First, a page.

At some point or another, we’ve all wondered how much sugar is too much. No matter what you eat, chances are added sugar is present in it. High in empty calories, sugar is the primary reason for weight gain for most people. But some people just cannot get enough of it, from binge eating chocolates to having soft drinks, people get really addicted to sweet taste. We need to cut back on sugar, especially on added sugars in order to achieve optimum health. This article will tell you how much sugar is too much and its health hazards.
Role Of Sugar
For some people, sugar can cause serious health complications, especially for those who are at risk of diabetes. It’s been linked to weight gain, diabetes, and heart disease. And it’s hiding in a lot of the foods we eat.
Most people consume too much sugar. The average person eats about 22 teaspoons a day. That’s more than triple the amount recommended by the American Heart Association.
It is often added to processed foods, like breads, cereals, and desserts. It’s also found in many beverages, like soda and fruit juice. Even healthy-sounding foods like yogurt can be loaded with sugar, especially the ones that are flavored that is why it’s always best to buy plain yogurt.
Cutting back on it is important for your health. You can do this by eating more whole foods like fruits, vegetables, cereals, etc, as these food contain phytonutrients, antioxidants, and fiber which compensate for the effects of sugar, and fewer processed foods. You should also read food labels to see how much sugar is in a product before you buy it.
How Much Sugar Is Too Much?
We all know that too much sugar is bad for us, but how much is too much? The American Heart Association recommends no more than 6 teaspoons (25 grams) of added sugar per day for women, no more than 9 teaspoons (38 grams) for men, and 30. But the average person consumes about double that amount!
Most of us get far more sugar than we need from processed foods and drinks. Even foods that don’t taste sweet can be loaded with hidden sugars. To make matters worse, the body metabolizes refined sugars very quickly, leading to spikes in blood sugar levels followed by crashes that leave us feeling tired and craving more sugar.
Beverages contribute the most to added sugars:
- soft drinks – 25%:- Cold drinks contain HFSC (high fructose corn syrup), which is approximately 42% fructose. Moreover, our body is not made to digest this much fructose.
- fruit drinks – 11%:- So-called healthy fruit juices aren’t that healthy since they contain lots of sugar.
- sport/energy drinks – 3%:- Combination of caffeine and sugar might be good for an instant energy boost, but it comes with a cost of health hazards.
- coffee/tea – 7%:- Coffees and teas sold outside have more sugar and are a common source of sugar for every income group.
The first three ingredients make up almost 90% of the product, so it’s always advised to read labels before buying groceries. Labels can say sucrose, sucralose, fructose, HFCS, or simply sugar.
Over time, consuming too much sugar can lead to serious health problems. There are a few major complications that can arise from consuming too much sugar.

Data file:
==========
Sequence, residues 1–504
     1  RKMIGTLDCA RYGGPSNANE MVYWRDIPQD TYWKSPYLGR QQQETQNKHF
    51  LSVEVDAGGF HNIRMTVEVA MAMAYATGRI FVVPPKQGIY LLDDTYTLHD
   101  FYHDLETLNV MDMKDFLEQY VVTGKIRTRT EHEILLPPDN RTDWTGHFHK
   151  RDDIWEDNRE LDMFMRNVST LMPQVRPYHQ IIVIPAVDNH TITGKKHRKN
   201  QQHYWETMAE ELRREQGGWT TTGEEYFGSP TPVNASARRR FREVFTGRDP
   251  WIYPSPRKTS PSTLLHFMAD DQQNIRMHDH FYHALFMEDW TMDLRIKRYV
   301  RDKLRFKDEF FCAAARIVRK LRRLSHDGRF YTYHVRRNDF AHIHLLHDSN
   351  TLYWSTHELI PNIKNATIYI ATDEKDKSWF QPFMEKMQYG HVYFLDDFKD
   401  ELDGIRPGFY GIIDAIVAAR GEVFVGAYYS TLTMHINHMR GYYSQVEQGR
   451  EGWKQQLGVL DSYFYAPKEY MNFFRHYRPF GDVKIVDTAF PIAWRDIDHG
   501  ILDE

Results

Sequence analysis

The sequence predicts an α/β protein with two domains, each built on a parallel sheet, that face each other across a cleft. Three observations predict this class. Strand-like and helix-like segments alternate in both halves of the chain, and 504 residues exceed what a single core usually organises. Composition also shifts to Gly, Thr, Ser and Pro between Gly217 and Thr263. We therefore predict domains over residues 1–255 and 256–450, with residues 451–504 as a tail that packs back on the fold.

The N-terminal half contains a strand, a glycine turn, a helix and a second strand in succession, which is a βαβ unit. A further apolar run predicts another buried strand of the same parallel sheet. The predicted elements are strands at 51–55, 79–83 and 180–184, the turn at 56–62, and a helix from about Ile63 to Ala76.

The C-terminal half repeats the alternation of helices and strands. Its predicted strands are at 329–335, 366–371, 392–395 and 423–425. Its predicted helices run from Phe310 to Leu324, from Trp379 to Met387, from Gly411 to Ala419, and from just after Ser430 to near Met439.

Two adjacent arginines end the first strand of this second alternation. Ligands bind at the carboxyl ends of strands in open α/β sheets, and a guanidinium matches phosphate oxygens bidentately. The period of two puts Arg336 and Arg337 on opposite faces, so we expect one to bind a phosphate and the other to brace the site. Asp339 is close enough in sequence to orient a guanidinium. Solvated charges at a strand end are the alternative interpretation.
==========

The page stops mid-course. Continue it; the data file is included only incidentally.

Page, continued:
- Diabetes:- When we consume sugar, our body releases insulin to help process it. If we consume too much sugar, our body becomes resistant to insulin, and over time, this can lead to fat build-up obesity, and type II diabetes, which could further lead to many complications if not treated like neuropathy, nephropathy, retinopathy, hypertension, etc. Diabetes mellitus is a serious condition and needs accurate treatment on the basis of severity.
- Heart disease:- Sugar consumption can lead to high triglyceride levels, which can increase your risk for heart diseases such as atherosclerosis, hyperlipidemia, stroke, heart attack, etc. Lastly, sugar can also cause inflammation throughout the body, which has been linked to a variety of chronic diseases like cancer.
- High cholesterol:- Added sugar can raise your bad cholesterol LDL and drop your good cholesterol HDL.
- Non-Alcoholic fatty liver disease:- Most of the fructose gets converted into fat, which builds up in our liver thus leading to fatty liver.
Natural Occurring Vs Added Sugar
There is a big difference between natural occurring and added sugar. Natural occurring fructose is found in fruits and vegetables, while added sugar is found in processed foods.
Added sugar has no nutritional value and can actually be harmful to your health. It can cause weight gain, tooth decay, and other health problems.
Natural occurring sugar, on the other hand, is not harmful to your health. In fact, it can actually be beneficial because it contains vitamins, minerals, and fiber. In nature, fructose comes prepackaged with fiber, antioxidants, and phytonutrients that appear to nullify adverse fructose effects.
It is one of those nutrients that could result in the deterioration of health. Sugar has empty calories that provide no nutritional value and can lead to weight gain, cavities, and other health problems. It is important to be aware of the sugar content in the foods we eat and limit our intake as much as possible. Start by reading food labels and avoiding processed foods as much as possible. Choose whole fruits and vegetables instead of sugary snacks, and opt for water or unsweetened beverages instead of sugary drinks. And when you do indulge in something sweet, savor it slowly instead of gobbling it down!
Consider contacting Mantra Care for additional information on diabetes care. With the support of our Diabetes Control Program. You can also get in touch with their nutrition experts through our online nutrition counseling, who can guide you through the process and help you achieve your fitness goals.